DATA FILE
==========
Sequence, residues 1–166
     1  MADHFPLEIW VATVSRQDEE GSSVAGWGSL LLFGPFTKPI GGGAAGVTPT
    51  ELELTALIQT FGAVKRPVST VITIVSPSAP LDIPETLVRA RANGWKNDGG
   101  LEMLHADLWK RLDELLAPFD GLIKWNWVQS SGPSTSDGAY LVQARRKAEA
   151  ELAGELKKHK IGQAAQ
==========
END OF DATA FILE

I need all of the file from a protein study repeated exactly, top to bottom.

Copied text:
Sequence, residues 1–166
     1  MADHFPLEIW VATVSRQDEE GSSVAGWGSL LLFGPFTKPI GGGAAGVTPT
    51  ELELTALIQT FGAVKRPVST VITIVSPSAP LDIPETLVRA RANGWKNDGG
   101  LEMLHADLWK RLDELLAPFD GLIKWNWVQS SGPSTSDGAY LVQARRKAEA
   151  ELAGELKKHK IGQAAQ